GE/NBC lose at the Board
Leapfrog is cited:
Our reviewing court stated in Leapfrog Enterprises Inc. v. Fisher-Price Inc., 485 F.3d 1157 (Fed. Cir. 2007) that one of ordinary skill in the art would have found it obvious to combine an old electromechanical device with electronic circuitry “to update it using modern electronic components in order to gain the commonly understood benefits of such adaptation, such as decreased size, increased reliability, simplified operation, and reduced cost. . . . The combination is thus the adaptation of an old idea or invention . . . using newer technology that is commonly available and understood in the art.” Id. at 1162.
In re Venner provides further support for the proposition that automation of a manual process would be obvious. See In re Venner, 262 F.2d 91, 94 (CCPA 1958) (Appellant argued that claims to a permanent mold casting apparatus for molding trunk pistons were allowable over the prior art because the claimed invention combined “old permanent-mold structures together with a timer and solenoid which automatically actuates the known pressure valve system to release the inner core after a predetermined time has elapsed.”). The court held that broadly providing an automatic or mechanical means to replace a manual activity which accomplished the same result is not sufficient to distinguish over the prior art.
Applicants' specification is cited:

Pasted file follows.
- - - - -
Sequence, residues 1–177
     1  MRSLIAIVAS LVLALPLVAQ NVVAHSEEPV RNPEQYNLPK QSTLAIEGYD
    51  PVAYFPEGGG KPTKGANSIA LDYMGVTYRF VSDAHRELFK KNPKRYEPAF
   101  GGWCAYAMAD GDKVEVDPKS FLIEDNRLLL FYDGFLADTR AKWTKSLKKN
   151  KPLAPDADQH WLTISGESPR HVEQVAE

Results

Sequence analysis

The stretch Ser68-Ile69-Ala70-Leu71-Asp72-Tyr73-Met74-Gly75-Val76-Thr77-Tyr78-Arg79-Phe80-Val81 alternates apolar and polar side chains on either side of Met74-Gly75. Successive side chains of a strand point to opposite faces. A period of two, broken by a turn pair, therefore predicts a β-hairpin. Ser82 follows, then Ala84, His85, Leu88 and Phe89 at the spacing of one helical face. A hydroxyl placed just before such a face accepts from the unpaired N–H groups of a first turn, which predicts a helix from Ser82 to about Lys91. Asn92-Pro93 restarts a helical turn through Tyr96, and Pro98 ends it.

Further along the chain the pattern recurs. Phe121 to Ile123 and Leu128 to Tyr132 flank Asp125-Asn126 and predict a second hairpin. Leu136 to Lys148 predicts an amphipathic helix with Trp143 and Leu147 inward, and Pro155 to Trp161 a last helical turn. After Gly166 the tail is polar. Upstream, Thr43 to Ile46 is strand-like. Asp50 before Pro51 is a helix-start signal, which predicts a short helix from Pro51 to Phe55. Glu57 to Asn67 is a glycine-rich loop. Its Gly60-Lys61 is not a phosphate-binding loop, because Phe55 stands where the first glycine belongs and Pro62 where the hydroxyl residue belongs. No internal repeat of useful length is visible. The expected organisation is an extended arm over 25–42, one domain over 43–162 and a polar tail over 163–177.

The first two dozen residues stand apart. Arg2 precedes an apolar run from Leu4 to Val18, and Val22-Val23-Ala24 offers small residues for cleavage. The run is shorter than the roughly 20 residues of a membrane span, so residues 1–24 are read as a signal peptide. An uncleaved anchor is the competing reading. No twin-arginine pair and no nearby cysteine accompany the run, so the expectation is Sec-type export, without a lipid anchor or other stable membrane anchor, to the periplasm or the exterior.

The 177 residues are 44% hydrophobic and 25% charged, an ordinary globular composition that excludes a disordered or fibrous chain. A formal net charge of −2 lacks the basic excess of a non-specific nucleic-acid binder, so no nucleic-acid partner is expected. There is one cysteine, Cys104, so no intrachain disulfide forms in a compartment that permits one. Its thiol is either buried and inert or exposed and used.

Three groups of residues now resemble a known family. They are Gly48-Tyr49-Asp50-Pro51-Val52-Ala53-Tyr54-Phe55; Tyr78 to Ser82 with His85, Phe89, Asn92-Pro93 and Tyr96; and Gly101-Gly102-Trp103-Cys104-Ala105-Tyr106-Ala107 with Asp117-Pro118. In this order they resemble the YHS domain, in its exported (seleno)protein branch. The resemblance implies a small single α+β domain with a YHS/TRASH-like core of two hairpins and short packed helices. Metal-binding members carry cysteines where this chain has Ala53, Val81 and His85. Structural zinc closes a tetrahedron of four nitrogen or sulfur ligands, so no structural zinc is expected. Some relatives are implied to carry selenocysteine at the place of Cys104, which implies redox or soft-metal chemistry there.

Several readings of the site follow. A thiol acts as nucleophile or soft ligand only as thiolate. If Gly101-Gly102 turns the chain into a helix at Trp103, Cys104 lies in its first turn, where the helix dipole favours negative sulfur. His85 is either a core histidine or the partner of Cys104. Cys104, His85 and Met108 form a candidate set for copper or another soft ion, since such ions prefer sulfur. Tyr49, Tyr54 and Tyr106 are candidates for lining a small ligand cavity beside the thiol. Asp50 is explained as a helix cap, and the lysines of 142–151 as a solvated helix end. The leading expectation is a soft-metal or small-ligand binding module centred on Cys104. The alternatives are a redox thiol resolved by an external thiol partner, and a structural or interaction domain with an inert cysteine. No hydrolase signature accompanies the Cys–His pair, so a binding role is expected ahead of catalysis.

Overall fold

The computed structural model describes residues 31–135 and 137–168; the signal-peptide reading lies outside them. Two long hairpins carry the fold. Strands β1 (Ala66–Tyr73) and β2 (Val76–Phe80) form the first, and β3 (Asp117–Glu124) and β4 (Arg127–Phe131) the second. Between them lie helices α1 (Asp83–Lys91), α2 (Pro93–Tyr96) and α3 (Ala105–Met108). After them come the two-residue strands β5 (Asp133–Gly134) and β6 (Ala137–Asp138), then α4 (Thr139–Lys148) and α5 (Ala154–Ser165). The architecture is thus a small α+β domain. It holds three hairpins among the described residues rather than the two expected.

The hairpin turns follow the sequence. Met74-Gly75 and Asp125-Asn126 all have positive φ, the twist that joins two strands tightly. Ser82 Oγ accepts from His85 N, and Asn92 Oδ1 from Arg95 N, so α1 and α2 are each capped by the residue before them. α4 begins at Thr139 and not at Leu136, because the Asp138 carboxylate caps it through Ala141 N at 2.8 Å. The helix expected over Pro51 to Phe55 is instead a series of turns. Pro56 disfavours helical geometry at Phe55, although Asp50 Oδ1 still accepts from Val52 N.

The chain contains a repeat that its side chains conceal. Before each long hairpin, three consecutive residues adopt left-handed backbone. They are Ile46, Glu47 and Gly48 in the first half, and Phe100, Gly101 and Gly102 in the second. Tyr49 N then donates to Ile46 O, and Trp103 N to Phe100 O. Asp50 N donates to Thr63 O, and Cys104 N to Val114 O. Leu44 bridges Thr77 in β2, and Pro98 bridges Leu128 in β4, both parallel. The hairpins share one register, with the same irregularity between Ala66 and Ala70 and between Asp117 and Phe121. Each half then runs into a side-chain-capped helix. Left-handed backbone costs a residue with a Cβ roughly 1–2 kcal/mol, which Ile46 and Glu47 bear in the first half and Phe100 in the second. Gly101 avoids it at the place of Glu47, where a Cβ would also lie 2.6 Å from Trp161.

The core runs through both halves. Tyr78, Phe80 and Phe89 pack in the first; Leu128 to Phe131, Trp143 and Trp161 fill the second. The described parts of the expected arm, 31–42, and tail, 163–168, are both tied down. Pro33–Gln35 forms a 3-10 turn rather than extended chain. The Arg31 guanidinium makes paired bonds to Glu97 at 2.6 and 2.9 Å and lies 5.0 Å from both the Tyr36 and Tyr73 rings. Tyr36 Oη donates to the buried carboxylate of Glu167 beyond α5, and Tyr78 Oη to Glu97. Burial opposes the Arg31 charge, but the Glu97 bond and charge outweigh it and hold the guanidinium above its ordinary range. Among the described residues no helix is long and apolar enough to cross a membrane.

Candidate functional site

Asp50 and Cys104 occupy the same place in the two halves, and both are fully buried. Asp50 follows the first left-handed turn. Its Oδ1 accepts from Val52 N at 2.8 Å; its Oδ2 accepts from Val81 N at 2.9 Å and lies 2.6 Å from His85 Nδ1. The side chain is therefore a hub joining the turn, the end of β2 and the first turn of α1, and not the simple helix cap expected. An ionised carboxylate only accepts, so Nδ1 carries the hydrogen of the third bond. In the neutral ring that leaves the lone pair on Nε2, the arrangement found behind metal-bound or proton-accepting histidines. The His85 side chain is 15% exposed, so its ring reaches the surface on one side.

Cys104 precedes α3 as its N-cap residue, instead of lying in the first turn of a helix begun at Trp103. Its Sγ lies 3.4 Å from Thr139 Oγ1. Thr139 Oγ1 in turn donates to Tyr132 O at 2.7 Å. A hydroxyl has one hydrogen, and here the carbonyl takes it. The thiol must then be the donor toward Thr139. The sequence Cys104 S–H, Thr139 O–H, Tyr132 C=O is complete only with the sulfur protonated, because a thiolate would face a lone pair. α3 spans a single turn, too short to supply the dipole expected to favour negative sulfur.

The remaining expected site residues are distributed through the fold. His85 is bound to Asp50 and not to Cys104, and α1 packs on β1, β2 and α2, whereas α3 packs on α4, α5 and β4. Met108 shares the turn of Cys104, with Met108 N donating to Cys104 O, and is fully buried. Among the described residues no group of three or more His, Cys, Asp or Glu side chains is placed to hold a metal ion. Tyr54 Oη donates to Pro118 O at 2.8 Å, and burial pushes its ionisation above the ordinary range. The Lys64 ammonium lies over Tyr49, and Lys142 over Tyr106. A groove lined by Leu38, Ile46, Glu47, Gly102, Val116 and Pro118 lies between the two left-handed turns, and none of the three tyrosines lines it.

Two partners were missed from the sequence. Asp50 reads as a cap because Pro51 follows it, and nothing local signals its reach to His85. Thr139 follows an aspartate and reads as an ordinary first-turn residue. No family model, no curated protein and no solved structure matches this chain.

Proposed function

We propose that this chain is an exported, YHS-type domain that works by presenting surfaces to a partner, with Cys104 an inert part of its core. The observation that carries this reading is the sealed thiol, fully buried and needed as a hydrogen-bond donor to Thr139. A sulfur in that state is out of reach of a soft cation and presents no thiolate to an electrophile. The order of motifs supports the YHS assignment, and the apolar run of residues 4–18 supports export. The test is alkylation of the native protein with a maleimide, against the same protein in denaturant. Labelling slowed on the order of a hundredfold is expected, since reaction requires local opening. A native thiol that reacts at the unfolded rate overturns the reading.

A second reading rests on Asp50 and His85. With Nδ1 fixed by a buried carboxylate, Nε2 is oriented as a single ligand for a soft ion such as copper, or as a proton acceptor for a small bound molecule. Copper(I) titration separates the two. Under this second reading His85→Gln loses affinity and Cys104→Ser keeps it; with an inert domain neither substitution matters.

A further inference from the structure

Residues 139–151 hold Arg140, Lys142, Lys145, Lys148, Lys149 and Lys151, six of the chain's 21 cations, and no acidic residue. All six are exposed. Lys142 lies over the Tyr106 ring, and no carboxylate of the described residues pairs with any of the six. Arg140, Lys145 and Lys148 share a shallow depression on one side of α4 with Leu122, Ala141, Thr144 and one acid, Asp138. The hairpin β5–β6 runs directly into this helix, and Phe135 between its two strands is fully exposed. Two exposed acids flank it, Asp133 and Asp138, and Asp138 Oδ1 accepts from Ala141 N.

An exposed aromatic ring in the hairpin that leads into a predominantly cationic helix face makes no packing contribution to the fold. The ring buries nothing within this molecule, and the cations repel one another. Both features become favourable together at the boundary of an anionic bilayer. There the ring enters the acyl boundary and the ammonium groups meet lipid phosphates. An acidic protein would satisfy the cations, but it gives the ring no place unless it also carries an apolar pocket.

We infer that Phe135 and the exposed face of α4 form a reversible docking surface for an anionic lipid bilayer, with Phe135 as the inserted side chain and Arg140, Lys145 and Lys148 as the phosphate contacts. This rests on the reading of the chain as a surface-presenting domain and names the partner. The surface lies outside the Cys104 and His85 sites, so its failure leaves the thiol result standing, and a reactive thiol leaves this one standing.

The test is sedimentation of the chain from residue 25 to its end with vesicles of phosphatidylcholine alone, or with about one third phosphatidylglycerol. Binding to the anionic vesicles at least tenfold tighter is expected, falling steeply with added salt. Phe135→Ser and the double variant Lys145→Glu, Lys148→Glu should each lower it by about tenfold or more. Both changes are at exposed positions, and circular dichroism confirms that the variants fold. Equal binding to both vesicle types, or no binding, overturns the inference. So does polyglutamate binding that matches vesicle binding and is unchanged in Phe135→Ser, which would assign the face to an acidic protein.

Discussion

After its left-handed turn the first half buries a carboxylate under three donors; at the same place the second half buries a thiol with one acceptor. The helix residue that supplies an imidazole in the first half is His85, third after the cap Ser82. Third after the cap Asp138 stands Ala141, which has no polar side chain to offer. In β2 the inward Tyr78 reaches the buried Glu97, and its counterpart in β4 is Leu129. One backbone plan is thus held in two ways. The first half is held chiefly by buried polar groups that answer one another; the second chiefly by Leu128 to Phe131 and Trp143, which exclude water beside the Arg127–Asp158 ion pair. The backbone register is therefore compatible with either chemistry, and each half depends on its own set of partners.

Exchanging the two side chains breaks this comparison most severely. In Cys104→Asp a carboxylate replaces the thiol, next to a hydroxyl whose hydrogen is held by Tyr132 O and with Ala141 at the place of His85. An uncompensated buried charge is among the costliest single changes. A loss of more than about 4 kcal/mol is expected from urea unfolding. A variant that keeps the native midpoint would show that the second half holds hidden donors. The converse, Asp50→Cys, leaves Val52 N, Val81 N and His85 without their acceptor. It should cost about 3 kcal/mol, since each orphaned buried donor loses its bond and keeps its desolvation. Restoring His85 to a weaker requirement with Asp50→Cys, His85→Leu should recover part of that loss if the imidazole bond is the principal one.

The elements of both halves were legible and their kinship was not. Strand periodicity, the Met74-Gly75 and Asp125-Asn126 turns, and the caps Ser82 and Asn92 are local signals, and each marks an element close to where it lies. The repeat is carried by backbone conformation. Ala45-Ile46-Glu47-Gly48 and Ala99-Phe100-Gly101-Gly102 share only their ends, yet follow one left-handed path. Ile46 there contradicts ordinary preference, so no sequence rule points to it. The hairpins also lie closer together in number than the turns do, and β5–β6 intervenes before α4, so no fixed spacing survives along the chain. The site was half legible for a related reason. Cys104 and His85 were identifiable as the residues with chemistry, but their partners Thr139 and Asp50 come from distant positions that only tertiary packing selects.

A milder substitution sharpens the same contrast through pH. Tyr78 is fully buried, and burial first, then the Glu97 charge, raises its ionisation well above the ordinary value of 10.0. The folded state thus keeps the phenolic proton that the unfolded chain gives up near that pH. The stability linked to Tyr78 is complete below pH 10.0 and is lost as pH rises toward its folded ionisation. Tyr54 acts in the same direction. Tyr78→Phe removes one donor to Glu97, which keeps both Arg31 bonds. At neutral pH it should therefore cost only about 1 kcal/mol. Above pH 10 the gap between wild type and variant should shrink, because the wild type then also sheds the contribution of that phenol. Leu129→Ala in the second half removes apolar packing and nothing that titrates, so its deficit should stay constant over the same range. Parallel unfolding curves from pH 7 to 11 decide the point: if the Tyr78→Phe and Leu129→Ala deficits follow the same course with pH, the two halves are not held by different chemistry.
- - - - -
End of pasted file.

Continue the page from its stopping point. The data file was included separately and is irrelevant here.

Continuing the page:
Arguably this and the preceding portions of Appellants’ Specification teaches a known, non-automated prior art method
KSR is cited:
In KSR, the Court stated “[t]he combination of familiar elements according to known methods is likely to be obvious when it does no more than yield predictable results.” KSR Int’l Co. v. Teleflex Inc., 550 U.S. 398, 416 (2007).
Kahn is cited for "articulated reasoning"-->
Finally, we note that the U.S. Supreme Court has held that “[t]he obviousness analysis cannot be confined by a formalistic conception of the words teaching, suggestion, and motivation, or by overemphasis on the importance of published articles and the explicit content of issued patents.” Id. at 419. Instead, the relevant inquiry is whether the Examiner has set forth “some articulated reasoning with some rational underpinning to support the legal conclusion of obviousness.” In re Kahn, 441 F.3d 977, 988 (Fed. Cir. 2006) (cited with approval in KSR, 550 U.S. at 418).